The German-American jurist and political philosopher Francis Lieber was the principle civilian proponent and principle author of the order, and so it has come to be known as the Lieber Code of 1863. It is also known as Instructions for the Government of Armies of the United States in the Field, or Lieber Instructions. Its main sections were concerned with, among other things, how prisoners of war should be treated. More specifically, it forbade the use of torture to extract confessions and described the rights and duties of prisoners of war and of capturing forces, to wit, Article 16:
Military necessity does not admit of cruelty–that is, the infliction of suffering for the sake of suffering or for revenge, nor of maiming or wounding except in fight, nor of torture to extort confessions.
Lieber consistently opposed the abuse of prisoners, and he quickly dispensed with the notion that captured Southern soldiers should be treated as criminals, traitors, or bandits. Instead, they were to be housed humanely and fed “plain and wholesome food.” Torture and public humiliation were forbidden, and chivalry was very much alive: To reward exemplary bravery and honor, captors could even return sidearms to enemy officers.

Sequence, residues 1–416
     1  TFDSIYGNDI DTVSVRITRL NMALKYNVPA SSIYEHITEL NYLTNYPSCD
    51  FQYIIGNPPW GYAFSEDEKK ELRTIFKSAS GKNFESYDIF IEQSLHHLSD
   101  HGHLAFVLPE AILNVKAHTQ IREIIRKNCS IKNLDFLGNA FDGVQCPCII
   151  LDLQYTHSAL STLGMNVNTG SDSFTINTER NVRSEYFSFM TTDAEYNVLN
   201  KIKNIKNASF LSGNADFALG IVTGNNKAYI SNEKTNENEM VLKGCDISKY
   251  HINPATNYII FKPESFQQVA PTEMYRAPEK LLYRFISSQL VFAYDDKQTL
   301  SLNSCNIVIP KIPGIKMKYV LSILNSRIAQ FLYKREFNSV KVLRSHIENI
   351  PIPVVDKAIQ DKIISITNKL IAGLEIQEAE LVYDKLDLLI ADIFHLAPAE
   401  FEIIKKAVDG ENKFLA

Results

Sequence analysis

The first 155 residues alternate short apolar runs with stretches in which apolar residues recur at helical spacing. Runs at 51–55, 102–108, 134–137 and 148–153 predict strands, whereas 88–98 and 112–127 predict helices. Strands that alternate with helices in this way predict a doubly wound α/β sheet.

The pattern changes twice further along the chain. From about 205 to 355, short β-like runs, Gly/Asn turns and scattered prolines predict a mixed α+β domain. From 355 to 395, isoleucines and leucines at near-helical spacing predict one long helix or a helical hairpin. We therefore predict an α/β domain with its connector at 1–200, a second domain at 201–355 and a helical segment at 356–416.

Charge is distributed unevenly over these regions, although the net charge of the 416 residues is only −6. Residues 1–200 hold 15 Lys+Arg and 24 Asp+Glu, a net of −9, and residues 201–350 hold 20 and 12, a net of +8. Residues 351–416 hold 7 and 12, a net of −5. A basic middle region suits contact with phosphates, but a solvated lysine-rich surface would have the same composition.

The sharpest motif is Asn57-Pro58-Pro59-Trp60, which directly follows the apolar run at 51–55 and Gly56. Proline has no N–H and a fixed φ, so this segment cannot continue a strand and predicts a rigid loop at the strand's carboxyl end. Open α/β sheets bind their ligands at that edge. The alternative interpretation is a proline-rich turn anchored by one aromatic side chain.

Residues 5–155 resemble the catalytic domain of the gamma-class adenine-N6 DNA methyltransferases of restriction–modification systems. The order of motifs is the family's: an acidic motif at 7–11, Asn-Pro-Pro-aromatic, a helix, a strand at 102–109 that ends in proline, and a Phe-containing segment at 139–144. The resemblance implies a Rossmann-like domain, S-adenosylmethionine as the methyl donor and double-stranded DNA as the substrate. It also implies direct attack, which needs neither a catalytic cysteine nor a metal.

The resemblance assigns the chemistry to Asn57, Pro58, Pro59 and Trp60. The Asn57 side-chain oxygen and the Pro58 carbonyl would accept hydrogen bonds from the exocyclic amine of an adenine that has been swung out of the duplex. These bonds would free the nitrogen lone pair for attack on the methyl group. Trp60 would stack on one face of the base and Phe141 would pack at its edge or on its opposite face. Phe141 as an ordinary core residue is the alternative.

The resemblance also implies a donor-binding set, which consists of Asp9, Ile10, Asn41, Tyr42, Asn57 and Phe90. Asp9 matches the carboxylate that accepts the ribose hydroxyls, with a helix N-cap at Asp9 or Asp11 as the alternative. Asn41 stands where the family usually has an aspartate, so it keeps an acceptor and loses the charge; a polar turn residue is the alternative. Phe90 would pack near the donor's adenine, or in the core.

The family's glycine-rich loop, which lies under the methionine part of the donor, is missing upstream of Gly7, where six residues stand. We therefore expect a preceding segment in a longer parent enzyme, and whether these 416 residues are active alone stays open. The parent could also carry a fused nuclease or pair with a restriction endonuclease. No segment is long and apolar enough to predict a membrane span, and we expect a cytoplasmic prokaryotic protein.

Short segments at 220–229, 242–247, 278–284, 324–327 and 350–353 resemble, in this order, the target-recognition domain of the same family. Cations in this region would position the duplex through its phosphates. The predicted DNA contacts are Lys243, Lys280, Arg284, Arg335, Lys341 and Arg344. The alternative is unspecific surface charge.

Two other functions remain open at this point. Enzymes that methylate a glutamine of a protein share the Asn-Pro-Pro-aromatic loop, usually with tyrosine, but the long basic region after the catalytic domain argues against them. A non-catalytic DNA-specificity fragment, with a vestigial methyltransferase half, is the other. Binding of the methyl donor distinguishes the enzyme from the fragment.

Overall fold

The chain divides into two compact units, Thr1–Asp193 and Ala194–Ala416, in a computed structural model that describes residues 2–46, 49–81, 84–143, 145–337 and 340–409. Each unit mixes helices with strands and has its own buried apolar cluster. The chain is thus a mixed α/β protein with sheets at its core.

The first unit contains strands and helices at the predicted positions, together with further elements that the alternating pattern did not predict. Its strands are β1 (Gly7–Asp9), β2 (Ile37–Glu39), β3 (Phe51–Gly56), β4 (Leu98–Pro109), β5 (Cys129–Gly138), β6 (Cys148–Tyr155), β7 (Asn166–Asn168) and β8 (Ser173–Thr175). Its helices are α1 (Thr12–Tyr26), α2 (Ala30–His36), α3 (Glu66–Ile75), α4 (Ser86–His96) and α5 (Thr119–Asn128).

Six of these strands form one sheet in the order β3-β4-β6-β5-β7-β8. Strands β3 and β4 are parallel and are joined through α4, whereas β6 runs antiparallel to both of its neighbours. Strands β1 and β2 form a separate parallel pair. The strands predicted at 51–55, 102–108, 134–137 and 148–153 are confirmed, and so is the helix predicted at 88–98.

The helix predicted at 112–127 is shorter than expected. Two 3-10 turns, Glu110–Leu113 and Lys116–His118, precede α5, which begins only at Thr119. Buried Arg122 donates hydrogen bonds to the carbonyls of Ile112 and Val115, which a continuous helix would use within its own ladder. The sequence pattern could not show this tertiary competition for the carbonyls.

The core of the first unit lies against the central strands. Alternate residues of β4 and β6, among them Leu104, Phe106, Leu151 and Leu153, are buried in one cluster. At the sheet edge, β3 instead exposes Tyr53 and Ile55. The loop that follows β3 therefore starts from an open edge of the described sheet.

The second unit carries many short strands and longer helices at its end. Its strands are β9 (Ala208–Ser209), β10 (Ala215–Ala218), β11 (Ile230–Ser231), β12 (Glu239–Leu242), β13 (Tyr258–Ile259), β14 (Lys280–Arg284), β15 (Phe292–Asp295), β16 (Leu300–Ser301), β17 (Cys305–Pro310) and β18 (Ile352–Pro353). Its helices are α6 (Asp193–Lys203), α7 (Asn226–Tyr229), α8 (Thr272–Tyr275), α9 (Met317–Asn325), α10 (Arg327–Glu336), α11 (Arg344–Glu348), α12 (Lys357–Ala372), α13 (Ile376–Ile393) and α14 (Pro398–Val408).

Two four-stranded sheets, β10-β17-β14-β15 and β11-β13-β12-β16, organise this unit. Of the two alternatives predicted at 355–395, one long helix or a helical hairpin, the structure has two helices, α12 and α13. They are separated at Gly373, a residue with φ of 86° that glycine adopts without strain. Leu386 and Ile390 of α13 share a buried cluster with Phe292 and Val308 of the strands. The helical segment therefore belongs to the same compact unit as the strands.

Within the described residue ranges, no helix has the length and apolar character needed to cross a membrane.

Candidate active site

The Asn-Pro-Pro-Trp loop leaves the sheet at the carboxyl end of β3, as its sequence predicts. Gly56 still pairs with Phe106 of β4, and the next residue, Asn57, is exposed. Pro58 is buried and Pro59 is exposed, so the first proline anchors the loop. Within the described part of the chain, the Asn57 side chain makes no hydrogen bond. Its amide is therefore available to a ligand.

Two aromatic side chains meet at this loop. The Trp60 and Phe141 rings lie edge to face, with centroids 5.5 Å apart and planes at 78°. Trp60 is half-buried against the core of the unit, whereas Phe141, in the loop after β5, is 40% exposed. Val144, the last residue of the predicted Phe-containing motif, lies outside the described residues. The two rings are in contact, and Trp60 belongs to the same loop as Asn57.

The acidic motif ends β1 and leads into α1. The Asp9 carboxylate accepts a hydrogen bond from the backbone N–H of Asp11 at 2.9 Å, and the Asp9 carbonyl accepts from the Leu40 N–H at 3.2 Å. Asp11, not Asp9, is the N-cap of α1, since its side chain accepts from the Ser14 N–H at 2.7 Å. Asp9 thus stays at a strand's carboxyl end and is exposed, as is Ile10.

The irony of a Republican predecessor opposing torture of enemy combatants nearly 150 years before Bush the Second condoned the practice has not been lost on critics of Bush II. Of course, apologists for the more recent Republican president are fond of pointing out that in other areas, such as habeas corpus, Lincoln was hardly a paragon protector of rights and legal ethics. I fail to see how that exonerates Bush II for his deplorable behavior.
As David Bosco, an assistant professor at the American University School of International Service and a contributing writer to Foreign Policy magazine, has written in an article in The American Scholar entitled “Moral Principle vs. Military Necessity“:
Lieber and Lincoln proudly published their code, flawed and ambiguous though it was. The nation’s current leadership has preferred secret memoranda and strained interpretations. Too often now, the noble effort to expand and codify the international law that Lieber gloried in no longer appeals to the world’s most powerful state. For the good of international law and of the United States, that must change.